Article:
Carnival Triumph – Yet another cruise ship drifts helplessly
by Robert MacLellan for Barbados Free Press
In considering risk assessment for Caribbean nations in relation to cruise ship emergencies, let’s do the math…
Nearly sixty percent of the world’s cruise ship fleet is in the Caribbean from November to March each year. Over forty per cent of the world’s cruise ship fleet is owned by Carnival Corporation (Carnival, Costa, Cunard, Princess, P&O, Holland America, Seabourne, Aida and Ibero cruise lines). At least four major incidents have occurred in the last twenty-seven months on that company’s ships alone.
Two potential disasters for Barbados and other small Caribbean countries
Let’s consider just two of many potential Caribbean disaster scenarios, based on the fact that three of Carnival Corporation’s cruise ships have each drifted helplessly for approximately ninety miles. If a ship leaving or returning to the busy cruise home port in Barbados loses all propulsion and steerage-way when west of that island, wind and current might very likely make it drift the ninety miles to the wild and rocky east coast of St Lucia – with huge risk to human life, to the marine environment and to the country’s tourism based economy. If a ship leaving or returning to the principal Caribbean cruise home port in Puerto Rico experiences the same situation when south-west of Anguilla and St Maarten, a ninety mile drift could take it to the pristine but dangerous reefs of the Virgin Islands.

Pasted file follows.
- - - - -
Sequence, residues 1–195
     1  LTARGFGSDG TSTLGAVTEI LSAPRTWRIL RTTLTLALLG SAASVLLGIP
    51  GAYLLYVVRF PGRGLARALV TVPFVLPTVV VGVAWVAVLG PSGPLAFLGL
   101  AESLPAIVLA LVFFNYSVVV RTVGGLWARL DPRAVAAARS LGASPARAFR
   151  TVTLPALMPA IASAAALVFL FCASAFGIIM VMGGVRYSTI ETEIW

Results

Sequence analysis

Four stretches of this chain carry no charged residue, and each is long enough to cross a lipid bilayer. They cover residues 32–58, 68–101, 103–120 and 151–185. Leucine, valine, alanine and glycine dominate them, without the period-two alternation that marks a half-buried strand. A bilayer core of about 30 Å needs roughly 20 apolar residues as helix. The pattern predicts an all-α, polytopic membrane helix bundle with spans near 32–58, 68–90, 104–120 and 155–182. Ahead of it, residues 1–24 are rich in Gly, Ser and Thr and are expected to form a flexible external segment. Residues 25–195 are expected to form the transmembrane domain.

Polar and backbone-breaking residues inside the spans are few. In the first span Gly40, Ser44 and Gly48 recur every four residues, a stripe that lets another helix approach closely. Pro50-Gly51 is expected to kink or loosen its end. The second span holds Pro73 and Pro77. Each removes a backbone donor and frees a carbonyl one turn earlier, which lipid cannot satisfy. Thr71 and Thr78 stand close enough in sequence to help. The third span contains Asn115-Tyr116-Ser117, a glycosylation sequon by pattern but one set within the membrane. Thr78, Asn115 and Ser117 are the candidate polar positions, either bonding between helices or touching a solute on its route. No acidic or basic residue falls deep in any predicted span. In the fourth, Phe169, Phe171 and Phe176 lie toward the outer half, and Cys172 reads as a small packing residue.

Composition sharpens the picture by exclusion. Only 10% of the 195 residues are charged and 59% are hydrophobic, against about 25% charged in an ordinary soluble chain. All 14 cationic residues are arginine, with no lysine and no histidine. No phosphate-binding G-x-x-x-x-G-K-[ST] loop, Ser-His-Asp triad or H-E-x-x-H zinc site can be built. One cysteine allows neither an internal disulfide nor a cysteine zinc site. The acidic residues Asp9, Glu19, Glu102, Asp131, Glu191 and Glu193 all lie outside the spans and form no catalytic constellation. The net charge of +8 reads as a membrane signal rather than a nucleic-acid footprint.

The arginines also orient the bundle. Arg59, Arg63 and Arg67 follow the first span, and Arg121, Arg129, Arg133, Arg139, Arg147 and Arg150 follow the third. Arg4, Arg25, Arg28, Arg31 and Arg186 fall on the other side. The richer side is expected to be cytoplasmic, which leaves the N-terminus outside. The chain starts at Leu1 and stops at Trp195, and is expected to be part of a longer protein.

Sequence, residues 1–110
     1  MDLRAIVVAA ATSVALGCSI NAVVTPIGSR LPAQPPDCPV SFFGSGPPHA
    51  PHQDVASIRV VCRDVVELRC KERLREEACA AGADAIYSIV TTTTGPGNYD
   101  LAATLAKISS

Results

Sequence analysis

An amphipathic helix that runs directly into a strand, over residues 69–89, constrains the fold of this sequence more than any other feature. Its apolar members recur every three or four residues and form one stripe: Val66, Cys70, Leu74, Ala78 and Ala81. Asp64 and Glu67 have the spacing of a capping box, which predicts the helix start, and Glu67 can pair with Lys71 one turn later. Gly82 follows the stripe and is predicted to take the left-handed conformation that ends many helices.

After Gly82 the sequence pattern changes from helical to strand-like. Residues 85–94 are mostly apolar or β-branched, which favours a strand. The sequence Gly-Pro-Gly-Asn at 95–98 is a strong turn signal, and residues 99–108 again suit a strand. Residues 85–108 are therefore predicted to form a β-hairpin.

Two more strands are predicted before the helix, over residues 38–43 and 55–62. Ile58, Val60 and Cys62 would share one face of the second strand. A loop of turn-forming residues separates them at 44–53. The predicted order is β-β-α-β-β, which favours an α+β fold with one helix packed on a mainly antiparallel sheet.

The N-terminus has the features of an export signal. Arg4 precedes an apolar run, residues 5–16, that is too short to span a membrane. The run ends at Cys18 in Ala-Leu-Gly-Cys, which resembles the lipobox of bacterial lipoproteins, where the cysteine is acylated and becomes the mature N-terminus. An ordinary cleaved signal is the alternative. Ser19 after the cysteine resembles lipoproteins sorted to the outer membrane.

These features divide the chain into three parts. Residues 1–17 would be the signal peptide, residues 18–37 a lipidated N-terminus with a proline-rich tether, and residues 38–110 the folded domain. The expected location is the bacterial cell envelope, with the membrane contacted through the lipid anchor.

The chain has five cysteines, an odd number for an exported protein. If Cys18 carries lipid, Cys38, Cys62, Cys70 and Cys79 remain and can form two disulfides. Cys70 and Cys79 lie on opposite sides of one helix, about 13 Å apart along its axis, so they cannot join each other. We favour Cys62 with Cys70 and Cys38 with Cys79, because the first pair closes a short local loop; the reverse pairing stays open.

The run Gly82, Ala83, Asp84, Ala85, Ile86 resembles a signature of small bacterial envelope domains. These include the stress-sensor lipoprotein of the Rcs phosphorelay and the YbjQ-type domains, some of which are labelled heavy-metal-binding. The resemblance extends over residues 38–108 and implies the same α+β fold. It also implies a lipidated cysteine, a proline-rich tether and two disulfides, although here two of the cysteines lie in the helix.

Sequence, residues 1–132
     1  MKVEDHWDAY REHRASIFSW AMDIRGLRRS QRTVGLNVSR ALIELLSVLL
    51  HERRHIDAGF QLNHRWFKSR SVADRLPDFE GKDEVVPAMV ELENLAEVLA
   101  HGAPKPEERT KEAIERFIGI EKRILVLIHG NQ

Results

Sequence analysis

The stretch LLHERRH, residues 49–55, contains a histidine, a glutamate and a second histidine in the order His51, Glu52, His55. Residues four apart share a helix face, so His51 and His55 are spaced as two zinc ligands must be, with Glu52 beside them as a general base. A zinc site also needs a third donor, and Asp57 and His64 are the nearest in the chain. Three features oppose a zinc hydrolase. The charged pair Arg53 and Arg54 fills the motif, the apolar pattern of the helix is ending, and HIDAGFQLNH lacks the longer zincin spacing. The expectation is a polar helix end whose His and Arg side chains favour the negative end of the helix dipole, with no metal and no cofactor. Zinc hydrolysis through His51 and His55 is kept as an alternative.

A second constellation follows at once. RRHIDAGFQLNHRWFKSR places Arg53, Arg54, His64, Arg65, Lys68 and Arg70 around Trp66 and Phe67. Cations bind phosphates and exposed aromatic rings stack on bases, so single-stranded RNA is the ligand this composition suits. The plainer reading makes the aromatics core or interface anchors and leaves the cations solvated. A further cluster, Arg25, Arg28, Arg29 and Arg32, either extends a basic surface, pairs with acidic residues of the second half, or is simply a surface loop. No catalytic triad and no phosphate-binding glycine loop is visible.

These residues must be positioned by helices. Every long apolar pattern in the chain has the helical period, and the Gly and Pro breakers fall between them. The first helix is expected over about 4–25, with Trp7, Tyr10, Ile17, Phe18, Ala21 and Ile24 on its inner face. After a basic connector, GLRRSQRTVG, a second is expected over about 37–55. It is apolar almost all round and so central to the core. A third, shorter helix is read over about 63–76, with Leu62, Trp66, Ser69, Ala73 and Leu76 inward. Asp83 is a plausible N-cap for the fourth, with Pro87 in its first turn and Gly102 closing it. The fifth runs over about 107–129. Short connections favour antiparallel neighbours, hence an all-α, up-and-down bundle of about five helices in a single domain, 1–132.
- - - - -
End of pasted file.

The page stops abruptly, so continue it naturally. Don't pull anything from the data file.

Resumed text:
Unlikely disasters? No – very possible based on recent events.
Engine room fires on the Carnival Triumph, Carnival Splendor and Costa Allegra and a flooded engine room on the Costa Concordia after a severe collision with a rock – all resulted in a complete loss of propulsion and no ability to steer the ship. While these incidents may raise questions about ship maintenance or navigation standards and may influence safer design of cruise ships in the future – the Caribbean, in the meantime, has to live with huge ships built to these current design specifications with their self evident inherent risks. (see Mail Online’s Carnival Cruise Ship Hell)
That takes us to the issue of disaster planning for major cruise ship incidents in the Caribbean and the emergency resources currently available. Some of the recent incidents in Europe and near the US coast have had the full benefit of well resourced coast guard and tug boat services. Even then, powerful tugs were clearly struggling to maintain course and minimal speed with Carnival Triumph’s sheer size in the latest case. In the Indian Ocean the Costa Allegra ended up precariously under tow by a small fishing boat! In Caribbean waters how fast can powerful tugs and other suitable rescue vessels reach a stricken cruise ship in order to avoid disaster?
Most cruise lines today operate under a world-wide minimal tax structure but there is now considerable pressure in the US Congress to force them to make a real contribution towards the costs of all of the federal services they benefit from in the United States. Caribbean governments should be pressing now for similar greater financial assistance from those massive companies, which currently exploit the region’s beauty and facilities at minimal cost. Surely, at least, cruise lines should be contributing directly to improved marine disaster management resources for the Caribbean, while they identify and implement solutions for their own serious problems.
Robert MacLellan is CEO of MacLellan & Associates: the largest hospitality, tourism & leisure consultancy based in the Caribbean. He has nineteen years experience in the hospitality industry in the Caribbean and was a cruise ship hotel officer and Vice President Hotel Services of a cruise line earlier in his career. Contact him at email@example.com
Photo of Carnival Triumph conditions courtesy of Cruise Law News